Assets, Debts & Divorce
Divorces are rarely easy and often made more difficult by property settlement issues. Keeping track and dividing marital property is often one of the primary issues during a divorce. In community property states everything earned during the marriage is owned equally by both spouses. The same mandate applies to debts as well. Even if only one spouse racked up the debts during a marriage, the other spouse is still responsible for half. It doesn’t matter whether the debts are due to credit card bills, home mortgage or a car loan, both spouses are equally liable in community property states and creditors can pursue both even after a divorce.
Property owned by one spouse prior to the marriage, property inherited by one spouse during the marriage and any property earned or acquired following a legal separation will usually be considered as separate property that the husband and wife own separately. The situation gets less clear when separate property and community property become co-mingled however. If one spouse owned a home as a single person and then got married to a spouse who then contributes to the mortgage payments, the house would become community property, owned equally by both, because they have both contributed to the mortgage. However, any payments made prior to the marriage remain separate property in the vent of a split. Like property, debts incurred before marriage are also considered separate property.
The property issues show why it is important for both spouses to any close joint accounts to avoid co-mingling of funds and debts. Some states will consider the date of separation as the day when one spouse moves out of the marital home but property acquired after that date but while still married could be a problem. Most judges will require proof when a spouse has physically moved out of the marital residence before awarding property rights. A judge will also have the option of deciding when property belonging to one spouse can be given to the other spouse. The decision will be made based on the length of the marriage and which spouse needs the asset more.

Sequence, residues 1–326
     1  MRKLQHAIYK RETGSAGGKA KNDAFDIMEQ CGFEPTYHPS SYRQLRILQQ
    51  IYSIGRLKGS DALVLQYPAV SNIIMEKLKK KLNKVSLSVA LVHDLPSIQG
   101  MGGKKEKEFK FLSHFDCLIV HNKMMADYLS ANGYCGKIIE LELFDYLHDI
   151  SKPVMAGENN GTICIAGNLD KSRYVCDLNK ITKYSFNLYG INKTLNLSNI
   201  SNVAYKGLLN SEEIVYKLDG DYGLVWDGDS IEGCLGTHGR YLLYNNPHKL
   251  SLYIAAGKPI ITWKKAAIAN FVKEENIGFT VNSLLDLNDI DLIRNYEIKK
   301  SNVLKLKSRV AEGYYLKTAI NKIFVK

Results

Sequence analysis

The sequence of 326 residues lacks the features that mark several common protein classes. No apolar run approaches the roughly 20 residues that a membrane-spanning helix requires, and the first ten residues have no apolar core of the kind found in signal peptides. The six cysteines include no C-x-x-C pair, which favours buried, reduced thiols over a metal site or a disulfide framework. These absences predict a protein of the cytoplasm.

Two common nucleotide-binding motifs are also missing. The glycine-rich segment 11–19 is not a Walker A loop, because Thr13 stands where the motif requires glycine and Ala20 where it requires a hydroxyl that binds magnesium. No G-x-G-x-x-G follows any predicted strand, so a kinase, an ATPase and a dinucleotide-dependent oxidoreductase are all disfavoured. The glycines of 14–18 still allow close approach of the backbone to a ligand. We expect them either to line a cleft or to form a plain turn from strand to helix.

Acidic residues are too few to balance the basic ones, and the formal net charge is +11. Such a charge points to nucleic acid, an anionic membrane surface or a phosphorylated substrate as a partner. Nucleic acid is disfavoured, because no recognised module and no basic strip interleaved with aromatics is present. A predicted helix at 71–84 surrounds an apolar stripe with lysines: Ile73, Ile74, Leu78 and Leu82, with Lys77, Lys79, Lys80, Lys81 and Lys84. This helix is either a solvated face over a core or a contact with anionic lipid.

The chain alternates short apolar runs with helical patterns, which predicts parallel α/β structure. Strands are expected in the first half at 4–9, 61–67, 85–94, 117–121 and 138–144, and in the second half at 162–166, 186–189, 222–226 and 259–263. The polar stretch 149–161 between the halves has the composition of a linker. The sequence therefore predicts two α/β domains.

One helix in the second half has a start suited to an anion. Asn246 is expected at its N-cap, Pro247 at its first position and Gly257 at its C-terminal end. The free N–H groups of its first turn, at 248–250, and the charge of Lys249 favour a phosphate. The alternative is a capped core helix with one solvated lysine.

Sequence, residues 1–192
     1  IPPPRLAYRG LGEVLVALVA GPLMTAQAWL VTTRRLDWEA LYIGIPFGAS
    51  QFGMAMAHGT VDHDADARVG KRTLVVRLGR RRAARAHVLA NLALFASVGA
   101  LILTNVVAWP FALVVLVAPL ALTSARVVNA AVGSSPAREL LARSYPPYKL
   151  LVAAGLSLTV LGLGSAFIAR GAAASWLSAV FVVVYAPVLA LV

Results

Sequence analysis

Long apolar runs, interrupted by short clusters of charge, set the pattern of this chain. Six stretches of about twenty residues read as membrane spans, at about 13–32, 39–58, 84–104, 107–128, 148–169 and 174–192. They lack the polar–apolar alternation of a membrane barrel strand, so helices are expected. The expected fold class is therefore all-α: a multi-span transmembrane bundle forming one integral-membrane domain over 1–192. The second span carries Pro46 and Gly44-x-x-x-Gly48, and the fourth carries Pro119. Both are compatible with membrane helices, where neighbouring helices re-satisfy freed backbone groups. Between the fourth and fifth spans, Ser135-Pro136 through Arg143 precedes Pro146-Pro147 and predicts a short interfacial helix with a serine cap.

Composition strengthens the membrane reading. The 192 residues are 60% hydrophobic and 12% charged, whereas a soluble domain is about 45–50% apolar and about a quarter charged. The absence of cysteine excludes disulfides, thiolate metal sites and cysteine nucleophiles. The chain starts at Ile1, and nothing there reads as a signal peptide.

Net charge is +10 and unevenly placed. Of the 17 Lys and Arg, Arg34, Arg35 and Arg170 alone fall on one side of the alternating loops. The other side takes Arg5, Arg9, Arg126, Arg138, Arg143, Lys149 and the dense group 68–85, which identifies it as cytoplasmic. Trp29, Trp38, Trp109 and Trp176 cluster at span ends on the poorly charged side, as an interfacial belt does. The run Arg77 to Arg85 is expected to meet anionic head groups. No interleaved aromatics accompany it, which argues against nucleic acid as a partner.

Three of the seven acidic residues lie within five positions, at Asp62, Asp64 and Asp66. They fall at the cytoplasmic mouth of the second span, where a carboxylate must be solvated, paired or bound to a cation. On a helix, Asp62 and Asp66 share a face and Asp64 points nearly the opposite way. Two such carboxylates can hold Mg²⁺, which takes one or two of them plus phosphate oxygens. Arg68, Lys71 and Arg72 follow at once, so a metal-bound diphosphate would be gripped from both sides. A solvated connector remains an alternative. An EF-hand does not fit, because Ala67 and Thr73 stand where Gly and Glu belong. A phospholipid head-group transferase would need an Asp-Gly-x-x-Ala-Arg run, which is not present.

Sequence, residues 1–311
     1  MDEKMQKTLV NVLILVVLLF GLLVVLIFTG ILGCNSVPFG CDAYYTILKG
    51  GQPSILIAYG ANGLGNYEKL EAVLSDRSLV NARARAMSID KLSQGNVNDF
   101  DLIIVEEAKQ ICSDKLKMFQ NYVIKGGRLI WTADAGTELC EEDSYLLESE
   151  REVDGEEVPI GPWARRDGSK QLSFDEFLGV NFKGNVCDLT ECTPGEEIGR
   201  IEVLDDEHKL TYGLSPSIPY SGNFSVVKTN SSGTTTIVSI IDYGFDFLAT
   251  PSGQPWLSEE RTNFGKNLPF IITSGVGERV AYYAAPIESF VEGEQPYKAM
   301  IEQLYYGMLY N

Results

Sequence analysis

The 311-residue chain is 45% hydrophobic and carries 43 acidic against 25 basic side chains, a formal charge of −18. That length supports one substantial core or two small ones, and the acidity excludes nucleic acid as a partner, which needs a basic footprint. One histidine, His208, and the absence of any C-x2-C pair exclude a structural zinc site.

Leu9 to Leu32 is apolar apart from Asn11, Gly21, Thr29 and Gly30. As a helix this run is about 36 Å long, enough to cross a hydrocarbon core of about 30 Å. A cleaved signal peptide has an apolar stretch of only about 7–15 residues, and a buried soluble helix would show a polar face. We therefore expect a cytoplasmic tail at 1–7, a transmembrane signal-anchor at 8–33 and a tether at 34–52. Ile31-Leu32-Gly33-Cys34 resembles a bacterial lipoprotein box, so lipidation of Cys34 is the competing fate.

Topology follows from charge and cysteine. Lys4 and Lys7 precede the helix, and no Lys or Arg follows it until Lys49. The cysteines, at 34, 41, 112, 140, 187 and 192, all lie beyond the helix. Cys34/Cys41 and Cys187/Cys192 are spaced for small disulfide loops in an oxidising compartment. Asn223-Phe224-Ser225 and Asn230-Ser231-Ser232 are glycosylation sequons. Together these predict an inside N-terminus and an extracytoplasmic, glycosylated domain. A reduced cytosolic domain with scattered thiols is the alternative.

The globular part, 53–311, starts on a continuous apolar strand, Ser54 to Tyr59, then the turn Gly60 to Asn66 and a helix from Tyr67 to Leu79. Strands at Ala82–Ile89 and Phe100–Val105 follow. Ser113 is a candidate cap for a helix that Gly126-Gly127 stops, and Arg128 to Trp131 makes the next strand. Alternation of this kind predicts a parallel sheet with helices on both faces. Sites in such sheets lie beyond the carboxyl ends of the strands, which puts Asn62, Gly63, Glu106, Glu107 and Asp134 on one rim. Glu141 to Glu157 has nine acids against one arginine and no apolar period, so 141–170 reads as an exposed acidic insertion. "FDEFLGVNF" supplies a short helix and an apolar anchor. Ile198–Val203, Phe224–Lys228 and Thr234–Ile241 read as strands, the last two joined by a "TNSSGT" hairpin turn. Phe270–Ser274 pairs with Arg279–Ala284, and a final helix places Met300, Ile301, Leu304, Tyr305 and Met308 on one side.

However, before the divorce can be processed, both spouses will be required to list all of their assets so the courts can determine an equitable split. Financial disclosure documents must include all real estate, and all real property of value like art, antiques, bank accounts, stocks, 401k programs and salaries. It is not uncommon for spouses to attempt to hide assets during a bitter breakup and hidden assets are any item of value that is not reported to the court. Some people might attempt to hide assets out of greed; others might do it to get even when they are motivated by feelings of anger or betrayal, but hiding assets in order to keep them from an ex-spouse is illegal.
One of the most common ways assets are hidden is when one spouse “sells” real property or other assets to a friend or relative with the sole intention of getting it back immediately after a divorce is finalized. Other methods of hiding assets include business owners who pay themselves with checks for non-existent employees or services and the practice of hiding cash by converting it into Savings Bonds or Traveler’s checks that won’t show up on bank statements.
If you have noticed evidence of unusual amounts of cash being moved around or spent on odd things and you suspect your not-so-significant other is attempting to hide assets prior to your divorce action, you would be well-advised to contact an attorney as soon as possible.